ARISE Life Skill Lessons and Staff Training

A non-profit since 1986
Experience counts

Evidence-Based Life Skills Lessons and Professional Staff Training
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Components of the ARISE Formula

Arise formula graphic 690x250

There are four basic components to the ARISE Formula:

The ARISE Formula is the main tool used to generate interactive group learning experiences; it can be applied to all ARISE materials even non-ARISE curricula.

1 – Introduction:

The topic of a lesson is not always self-evident. A good way to introduce the topic for the group is to start with “Today’s discussion is about ____________. We will be conducting an activity that will help us understand…_____.” In other words, say what the topic is in general, and then add a sentence or two to get more specific.

2 – Guided Group Discussion

The purpose of an ARISE lesson is to get the youth involved in thinking about a topic, discussing it, and participating in an activity to reinforce the learning. At least 75% of the time spent in an ARISE group should involve interaction. ARISE guided group discussion involves asking questions, brainstorming, and mind-mapping.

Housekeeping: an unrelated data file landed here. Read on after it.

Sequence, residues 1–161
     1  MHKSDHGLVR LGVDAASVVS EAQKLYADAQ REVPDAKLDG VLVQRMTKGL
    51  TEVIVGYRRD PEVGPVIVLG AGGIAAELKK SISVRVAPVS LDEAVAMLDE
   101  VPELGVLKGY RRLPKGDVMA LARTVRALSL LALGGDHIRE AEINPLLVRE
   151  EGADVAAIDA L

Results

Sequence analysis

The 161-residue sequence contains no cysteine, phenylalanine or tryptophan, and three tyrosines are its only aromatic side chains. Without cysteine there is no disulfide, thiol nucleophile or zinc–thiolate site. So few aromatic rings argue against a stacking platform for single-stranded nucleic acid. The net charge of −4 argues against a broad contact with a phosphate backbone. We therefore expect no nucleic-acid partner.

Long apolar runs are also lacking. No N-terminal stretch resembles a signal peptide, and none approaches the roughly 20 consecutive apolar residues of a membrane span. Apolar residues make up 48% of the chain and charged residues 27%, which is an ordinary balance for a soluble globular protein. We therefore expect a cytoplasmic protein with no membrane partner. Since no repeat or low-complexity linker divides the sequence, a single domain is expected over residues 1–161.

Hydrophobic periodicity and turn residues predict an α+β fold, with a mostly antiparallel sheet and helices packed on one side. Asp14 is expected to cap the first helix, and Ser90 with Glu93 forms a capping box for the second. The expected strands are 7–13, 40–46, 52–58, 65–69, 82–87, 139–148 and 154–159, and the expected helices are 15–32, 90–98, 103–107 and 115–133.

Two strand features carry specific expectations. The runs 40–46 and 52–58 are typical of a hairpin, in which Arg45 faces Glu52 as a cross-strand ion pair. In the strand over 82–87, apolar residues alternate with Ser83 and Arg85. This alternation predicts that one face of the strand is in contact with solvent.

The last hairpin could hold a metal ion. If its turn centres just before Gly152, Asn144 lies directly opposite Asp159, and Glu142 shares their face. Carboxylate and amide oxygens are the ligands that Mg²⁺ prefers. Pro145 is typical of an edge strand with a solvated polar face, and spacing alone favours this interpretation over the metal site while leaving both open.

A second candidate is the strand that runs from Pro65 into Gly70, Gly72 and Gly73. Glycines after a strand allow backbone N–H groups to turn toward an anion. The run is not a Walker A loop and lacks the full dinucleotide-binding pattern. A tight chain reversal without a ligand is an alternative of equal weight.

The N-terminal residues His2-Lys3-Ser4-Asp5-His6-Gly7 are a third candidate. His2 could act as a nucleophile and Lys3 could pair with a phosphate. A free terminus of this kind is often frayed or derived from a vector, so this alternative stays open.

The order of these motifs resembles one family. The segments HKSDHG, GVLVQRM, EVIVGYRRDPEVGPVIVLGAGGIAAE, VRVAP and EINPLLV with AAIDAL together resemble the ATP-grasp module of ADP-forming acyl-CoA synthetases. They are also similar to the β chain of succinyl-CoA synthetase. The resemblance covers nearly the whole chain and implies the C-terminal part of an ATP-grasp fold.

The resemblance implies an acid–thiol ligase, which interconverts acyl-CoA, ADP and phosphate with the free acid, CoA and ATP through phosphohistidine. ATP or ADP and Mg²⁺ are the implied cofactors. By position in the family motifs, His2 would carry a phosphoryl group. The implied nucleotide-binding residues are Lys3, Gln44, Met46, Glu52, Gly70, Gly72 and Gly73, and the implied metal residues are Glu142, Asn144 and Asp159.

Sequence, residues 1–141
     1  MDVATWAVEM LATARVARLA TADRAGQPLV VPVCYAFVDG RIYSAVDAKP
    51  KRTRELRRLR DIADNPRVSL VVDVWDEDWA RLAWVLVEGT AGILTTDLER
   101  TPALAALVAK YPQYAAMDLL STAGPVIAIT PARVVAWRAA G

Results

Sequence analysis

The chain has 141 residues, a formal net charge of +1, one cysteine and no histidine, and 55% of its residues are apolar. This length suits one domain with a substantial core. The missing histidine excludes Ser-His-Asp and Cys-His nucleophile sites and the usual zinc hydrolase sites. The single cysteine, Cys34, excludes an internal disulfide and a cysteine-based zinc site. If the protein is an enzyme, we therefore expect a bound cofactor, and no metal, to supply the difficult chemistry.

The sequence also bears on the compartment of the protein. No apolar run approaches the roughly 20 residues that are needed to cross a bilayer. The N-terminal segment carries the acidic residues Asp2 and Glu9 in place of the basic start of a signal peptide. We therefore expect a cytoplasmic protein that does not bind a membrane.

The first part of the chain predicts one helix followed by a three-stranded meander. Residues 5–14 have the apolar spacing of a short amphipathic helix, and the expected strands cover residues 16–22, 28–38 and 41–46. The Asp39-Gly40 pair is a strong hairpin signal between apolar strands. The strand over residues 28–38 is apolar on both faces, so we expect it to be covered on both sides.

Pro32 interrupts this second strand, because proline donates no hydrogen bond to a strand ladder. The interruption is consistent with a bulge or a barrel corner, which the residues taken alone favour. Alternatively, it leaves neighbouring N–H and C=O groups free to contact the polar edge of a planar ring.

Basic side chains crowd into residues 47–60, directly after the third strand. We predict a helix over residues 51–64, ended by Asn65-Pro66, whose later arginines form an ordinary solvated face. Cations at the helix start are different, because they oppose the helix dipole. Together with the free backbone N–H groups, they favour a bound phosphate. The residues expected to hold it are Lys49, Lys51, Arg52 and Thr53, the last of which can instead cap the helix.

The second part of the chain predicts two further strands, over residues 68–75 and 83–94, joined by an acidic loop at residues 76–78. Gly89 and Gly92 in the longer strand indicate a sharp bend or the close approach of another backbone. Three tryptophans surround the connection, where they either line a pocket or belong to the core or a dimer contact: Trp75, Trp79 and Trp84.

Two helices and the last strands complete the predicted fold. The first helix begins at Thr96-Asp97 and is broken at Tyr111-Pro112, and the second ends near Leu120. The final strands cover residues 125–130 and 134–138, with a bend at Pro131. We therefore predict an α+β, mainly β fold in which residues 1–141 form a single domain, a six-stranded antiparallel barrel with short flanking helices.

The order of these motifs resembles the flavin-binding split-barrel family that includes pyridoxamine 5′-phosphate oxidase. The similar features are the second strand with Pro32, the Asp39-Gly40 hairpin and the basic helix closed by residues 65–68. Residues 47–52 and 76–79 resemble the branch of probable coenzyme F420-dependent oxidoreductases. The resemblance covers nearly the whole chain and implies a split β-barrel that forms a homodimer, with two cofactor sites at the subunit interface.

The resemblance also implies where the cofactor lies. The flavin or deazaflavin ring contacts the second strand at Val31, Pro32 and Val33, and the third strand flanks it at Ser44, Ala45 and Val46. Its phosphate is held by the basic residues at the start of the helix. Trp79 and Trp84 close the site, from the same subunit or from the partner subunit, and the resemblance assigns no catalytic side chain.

3 – Activity

Most ARISE lessons will include worksheets, but some will not. The worksheet is usually presented toward the end of the discussion. Remember that the discussion is the major part of the lesson. The activity is there to help cement what the youth have learned.

4 – Wrap-up/Conclusion

End the ARISE lesson with a question designed to tell you what the group session meant to the youth. This helps determine the effectiveness of the lesson. And please end ARISE groups with a positive quotation or a genuine compliment.

ARISE life skills group sessions are particularly relevant for at risk youth in community based programs as an alternative to incarceration. The following curricula and organizations throughout the U.S.A. and beyond are making use of the ARISE life skills lessons and staff training:

Topics include-anger management for teens and adults, alternative to incarceration, teen anger management groups, and community based organizations, family and youth counseling, independent living, youth and family services, youth and family counseling, youth organizations such as Girls and Boys Clubs, Ansell Casey and the Salvation Army.

 

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